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URBANA — The old-timers are emerging from the cornfields to try to get a base ball team started here.

It’s very different game from baseball, one word.

Chewing tobacco would not have gone over well in base ball.

The precursor to what was once our national pastime could not have been more gentlemanly.

In the 1850s, the rules were strict, and they have been brought back in a new wave of interest in the original game.

“You can be fined a day’s pay of 25 cents for swearing or spitting,” said Vermilion Voles player Mike “Rail Splitter” Griffin, the base ball fanatic who wants to create a new team in Urbana.

“It makes for interesting play and a very colorful game. It’s difficult not being fined a day’s pay,” he added.

The Voles Vintage Base Ball Club is out of Kennekuk County Park, and the closest team now is Decatur.

There will be three exhibition games played Saturday at Riggs Beer Company, 1901 S. High Cross Road, U. The first game is at 12:30 p.m. Griffin will be holding sign-ups for the team at the time.

Besides being gentlemanly, 1858 base ball is not terribly draining.

The co-founder and captain of the Voles, Jim Knoblauch of Danville, said the team skews to the older set.

“We kind of take the stance, the more the merrier,” he said. “This allows us to still play when we are 64” — which he is.

He played Little League and sandlot ball, but his career ended after eighth grade, and then some slow pitch for several years.

“This is an interesting challenge, played in a gentlemanly manner, more to entertain guests and teach them a little history,” Knoblauch added.

Thus players dress in uniforms appropriate to the time period, and try to speak in Civil War-era idioms. What can be most entertaining is the rules, whatever they may be that day.

“I’ve played three tournaments so far, and not once by the same rules,” Griffin said. “The players, called ballists, must play within a step of the base they play. Strikers (batters) may be allowed a gentleman’s lead of one step, but mostly may not lead off."

The rules can be generous at times: There are no balls or strikes called by the arbitor (umpire), but he can strongly suggest you swing at good pitches. He also does not call balls fair, but does call foul balls.

Bert Rawlings of Tolono, also a member of the Voles, is a relative youngster at 53.

“We have a group of older gentlemen, so I’m probably right in the middle,” he said.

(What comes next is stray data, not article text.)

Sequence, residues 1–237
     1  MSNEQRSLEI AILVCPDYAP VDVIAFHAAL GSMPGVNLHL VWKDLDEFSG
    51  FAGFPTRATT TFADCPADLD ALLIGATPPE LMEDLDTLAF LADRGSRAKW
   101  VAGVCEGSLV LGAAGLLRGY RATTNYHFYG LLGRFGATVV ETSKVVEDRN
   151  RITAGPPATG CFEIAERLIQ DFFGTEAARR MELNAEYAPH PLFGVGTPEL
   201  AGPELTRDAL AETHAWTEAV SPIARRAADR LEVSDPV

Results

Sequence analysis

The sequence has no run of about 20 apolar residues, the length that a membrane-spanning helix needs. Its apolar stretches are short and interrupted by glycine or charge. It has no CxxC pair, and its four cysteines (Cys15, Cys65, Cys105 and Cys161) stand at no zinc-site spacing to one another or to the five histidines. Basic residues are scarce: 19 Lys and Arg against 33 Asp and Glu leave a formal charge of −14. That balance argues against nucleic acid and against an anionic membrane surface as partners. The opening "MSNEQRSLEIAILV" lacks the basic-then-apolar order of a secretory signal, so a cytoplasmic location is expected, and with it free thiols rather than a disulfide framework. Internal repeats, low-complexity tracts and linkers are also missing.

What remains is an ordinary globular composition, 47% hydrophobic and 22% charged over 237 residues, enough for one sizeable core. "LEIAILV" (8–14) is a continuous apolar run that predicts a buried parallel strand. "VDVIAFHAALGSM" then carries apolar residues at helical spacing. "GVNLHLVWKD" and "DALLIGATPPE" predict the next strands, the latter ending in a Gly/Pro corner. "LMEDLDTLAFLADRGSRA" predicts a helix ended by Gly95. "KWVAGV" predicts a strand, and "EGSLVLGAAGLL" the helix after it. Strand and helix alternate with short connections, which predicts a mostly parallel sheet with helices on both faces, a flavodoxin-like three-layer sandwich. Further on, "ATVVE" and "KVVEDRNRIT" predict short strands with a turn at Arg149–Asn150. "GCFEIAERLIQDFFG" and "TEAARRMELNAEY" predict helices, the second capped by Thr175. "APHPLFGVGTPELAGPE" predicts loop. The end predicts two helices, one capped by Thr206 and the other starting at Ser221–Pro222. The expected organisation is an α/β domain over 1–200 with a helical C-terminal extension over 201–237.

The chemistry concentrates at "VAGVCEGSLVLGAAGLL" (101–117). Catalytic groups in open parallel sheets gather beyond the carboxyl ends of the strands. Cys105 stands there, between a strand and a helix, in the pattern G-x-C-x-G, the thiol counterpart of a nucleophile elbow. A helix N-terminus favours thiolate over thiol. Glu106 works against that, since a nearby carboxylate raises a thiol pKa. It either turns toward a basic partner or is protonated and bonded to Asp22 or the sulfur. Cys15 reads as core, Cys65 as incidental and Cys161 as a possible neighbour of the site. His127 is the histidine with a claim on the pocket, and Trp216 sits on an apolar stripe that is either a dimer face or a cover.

The small-town high school he went to didn’t have enough guys for a baseball team, but in summer ball he was a catcher.

In base ball, the catcher is most similar to — yes, this is really what it is called — a behind.

Rawlings said a behind stands 10 feet behind the plate, retrieving balls.

“There was no stealing in 1858,” he noted.

And there were no diamonds.

A park district employee once offered the new team a selection of them, but typically there aren’t even fences. Base ball is mostly played in fields and green space, as in the Riggs experience.

“I had to tell him we didn’t really want a diamond,” Griffin said.

No gloves, either.

Rawlings said that in 1858, “it was a great feat to catch a fly ball without a glove, a ‘celebration of a manly catch.’”

“They can sting,” he added. “The ball is heavier; after about the fourth inning, it has a little bit of give, and takes the form of an egg. You can get a broken finger; you see the ball coming, and when it hits the ground, it can go in different directions.”

Some other rules Griffin can quote:

A striker (batter) is out on fly balls or a boundout, which is a ball caught on one bounce, whether it’s a foul tip to the catcher or a line drive to the outfield.

“If a ball is hit fair then goes foul, even before first or third base, it’s still a fair ball,” he said.

“If first base is occupied and a striker bounds out, the runner does not have to advance to second base. That can hang runners up if the ballist drops the ball after it bounces. The striker is then safe and runner must advance, but is often thrown out at second.”

If you hit a ball down the line fair, then it goes foul, the arbitor will say nothing.

“Striker and ballist must pay close attention to that. A ballist can chase a ball a long way into foul territory and that is fair by the rules," Griffin said. "You can find yourself among the fans retrieving a fair ball that isn’t past third base."



Paul Wood is a reporter at The News-Gazette. His email is, and you can follow him on Twitter (@pvawood).